Meghan McCain offered a textbook example of Republican efforts to normalize President Donald Trump in spite of his personal attacks and constitutional abuses.
"The View" co-host admitted the president and his advisors had publicly insulted her family, but she still believes Trump fit into the historical framework of presidential norms.
"I'm also Republican, I don't consider myself in a cult, I don't consider myself a sycophant," McCain said. "I don't suffer from 'Trump derangement syndrome.' I didn't lose my mind and can't call balls and strikes when I see them."
She agreed last week that the Trump administration's family separation policy was immoral and wrong, but McCain admitted she could overlook those human rights violations.
"His two Supreme Court decisions, big wins for us, and he has made decisions that I agree with," McCain said.
"When you are talking about vitriol, I'm sorry -- my family has been at the direct target of that, and I understand that as well," she continued. "But as commentators, we have to call balls and strikes like we see them, because if you start turning into Trump, as some commentators in my own party have done, and you become him, everyone stops listening to each other one way or the other, and we have to be intellectual."
Co-host Sunny Hostin said the president should take more responsibility for setting the tone his apologists decry from the left.
"The tone has to come from the top," Hostin said. "I don't think that we have seen this type of vitriol before. I think this is unchartered territory. I think this is new, and quite frankly, I would be more comfortable with the Republican Party if they stood up, if leadership stood up and said something to this president."
Co-host Joy Behar said the GOP would never do that, and Hostin agreed.
"Let's face it," Hostin said. "This president not only is unhinged on Twitter, let's never forget that a woman died at that tiki torch-holding rally (in Charlottesville), and he said there are good people on both sides, and that, for me, set the tone."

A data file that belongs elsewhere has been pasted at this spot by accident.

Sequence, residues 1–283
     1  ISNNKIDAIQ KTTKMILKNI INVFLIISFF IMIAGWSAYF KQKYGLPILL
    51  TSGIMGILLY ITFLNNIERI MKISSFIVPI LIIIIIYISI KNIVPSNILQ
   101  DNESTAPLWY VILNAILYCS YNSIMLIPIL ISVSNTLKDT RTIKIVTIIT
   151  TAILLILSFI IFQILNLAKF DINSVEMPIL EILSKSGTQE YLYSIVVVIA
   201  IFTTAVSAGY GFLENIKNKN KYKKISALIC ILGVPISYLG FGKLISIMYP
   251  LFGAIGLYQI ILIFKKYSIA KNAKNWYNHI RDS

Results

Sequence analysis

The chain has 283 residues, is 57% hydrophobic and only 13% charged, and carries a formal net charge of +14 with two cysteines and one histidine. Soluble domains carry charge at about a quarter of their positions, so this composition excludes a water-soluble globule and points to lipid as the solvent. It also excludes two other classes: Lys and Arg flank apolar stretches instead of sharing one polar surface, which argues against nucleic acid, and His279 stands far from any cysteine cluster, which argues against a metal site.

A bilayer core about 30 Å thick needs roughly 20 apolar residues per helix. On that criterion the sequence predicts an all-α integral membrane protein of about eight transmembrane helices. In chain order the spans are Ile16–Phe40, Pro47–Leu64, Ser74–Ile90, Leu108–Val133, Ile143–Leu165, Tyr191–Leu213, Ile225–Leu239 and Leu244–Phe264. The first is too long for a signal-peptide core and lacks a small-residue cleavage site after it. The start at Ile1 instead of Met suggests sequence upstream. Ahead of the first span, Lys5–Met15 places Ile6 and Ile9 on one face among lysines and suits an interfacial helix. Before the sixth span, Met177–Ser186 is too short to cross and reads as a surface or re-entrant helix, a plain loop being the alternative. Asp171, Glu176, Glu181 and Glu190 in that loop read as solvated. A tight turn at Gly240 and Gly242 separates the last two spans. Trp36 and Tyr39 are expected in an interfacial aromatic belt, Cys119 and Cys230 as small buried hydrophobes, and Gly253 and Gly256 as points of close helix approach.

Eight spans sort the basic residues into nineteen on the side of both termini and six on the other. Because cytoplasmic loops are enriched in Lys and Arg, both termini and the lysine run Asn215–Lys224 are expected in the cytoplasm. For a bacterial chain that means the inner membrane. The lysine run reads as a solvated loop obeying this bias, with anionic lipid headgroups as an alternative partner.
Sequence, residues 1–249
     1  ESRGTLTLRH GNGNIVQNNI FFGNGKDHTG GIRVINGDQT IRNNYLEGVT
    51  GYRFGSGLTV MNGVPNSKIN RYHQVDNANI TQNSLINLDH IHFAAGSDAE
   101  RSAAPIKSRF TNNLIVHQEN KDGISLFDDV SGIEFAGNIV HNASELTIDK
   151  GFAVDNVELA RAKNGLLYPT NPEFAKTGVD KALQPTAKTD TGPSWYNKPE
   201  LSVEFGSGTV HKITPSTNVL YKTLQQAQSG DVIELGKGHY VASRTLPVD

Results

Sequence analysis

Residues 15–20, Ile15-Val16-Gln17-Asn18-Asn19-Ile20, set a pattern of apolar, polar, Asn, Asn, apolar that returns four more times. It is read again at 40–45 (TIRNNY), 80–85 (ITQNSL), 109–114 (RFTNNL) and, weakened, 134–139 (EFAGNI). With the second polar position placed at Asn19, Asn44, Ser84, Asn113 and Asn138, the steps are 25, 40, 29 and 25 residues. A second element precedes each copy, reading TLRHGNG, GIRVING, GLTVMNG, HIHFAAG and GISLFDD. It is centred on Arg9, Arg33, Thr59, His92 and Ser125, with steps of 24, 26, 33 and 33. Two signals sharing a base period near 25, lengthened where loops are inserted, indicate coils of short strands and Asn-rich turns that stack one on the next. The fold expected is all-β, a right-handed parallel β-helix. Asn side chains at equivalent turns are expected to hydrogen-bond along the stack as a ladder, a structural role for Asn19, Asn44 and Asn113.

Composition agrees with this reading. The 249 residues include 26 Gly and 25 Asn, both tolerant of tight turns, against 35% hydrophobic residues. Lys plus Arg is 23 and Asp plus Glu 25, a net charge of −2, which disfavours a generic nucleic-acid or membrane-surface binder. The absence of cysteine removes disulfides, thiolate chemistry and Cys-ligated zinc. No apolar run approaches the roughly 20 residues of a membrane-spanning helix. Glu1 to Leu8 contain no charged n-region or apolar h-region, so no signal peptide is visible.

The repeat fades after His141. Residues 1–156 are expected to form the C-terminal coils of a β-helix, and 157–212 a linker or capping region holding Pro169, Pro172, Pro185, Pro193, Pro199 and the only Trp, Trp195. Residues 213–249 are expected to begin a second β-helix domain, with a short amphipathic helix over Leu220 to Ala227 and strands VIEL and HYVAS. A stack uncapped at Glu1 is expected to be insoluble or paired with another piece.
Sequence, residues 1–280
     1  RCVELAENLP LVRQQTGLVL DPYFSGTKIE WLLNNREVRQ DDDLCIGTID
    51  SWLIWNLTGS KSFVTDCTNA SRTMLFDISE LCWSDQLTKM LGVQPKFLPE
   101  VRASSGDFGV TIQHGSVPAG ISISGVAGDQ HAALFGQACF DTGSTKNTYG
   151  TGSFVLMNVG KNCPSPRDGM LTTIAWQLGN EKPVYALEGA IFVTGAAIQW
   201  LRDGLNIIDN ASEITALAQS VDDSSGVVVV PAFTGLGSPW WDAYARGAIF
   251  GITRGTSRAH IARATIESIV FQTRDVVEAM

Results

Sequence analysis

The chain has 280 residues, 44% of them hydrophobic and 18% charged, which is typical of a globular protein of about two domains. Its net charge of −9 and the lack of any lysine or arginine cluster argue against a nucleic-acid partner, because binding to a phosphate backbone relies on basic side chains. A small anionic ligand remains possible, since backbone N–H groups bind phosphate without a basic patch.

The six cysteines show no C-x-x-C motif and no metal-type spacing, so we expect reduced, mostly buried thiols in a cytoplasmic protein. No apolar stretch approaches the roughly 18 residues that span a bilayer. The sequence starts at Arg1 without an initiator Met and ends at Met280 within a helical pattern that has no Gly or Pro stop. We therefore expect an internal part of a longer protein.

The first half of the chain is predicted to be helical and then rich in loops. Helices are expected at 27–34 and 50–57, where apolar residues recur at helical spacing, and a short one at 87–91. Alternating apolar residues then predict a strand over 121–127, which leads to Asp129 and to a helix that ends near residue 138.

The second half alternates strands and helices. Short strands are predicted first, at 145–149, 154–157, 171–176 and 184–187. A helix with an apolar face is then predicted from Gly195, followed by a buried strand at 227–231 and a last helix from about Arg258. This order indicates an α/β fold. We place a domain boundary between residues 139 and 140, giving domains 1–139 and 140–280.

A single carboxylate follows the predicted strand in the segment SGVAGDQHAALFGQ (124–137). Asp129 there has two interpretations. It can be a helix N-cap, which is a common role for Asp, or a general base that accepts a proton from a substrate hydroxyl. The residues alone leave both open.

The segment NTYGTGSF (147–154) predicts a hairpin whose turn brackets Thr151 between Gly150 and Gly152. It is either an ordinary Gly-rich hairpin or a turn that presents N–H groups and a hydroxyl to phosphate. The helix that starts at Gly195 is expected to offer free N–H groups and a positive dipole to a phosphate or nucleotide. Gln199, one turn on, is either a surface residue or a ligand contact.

Co-host Sara Haines said she doesn't believe that challenging Trump officials in public settings, as Rep. Maxine Waters (D-CA) urged her supporters to do, was helpful -- and McCain said the suggestion was outrageous.
"It's now socially acceptable to go up to people who work in the White House, which includes people in my family, and harass them in public," McCain said. "That could escalate easily. Steve Scalise, Gabby Giffords, if we're learning nothing, it's a dangerous world, and that messaging from Democrats is not going to fly in the real world."
Hostin said harassment was possibly illegal, and McCain quickly pointed out that was the word Waters used -- but her co-host refused to get sidetracked.
"Harassment is inappropriate, but I do believe that we can never forget that it is our constitutional right to speak up, to speak out and to protest," Hostin said. "It is our constitutional right."
McCain suggested it was harassment to confront Trump officials in restaurants, but Hostin said Americans had a right to do that.
"Protest peacefully, speaking your mind, speaking your voice is not illegal, and in fact, it is our right," she said.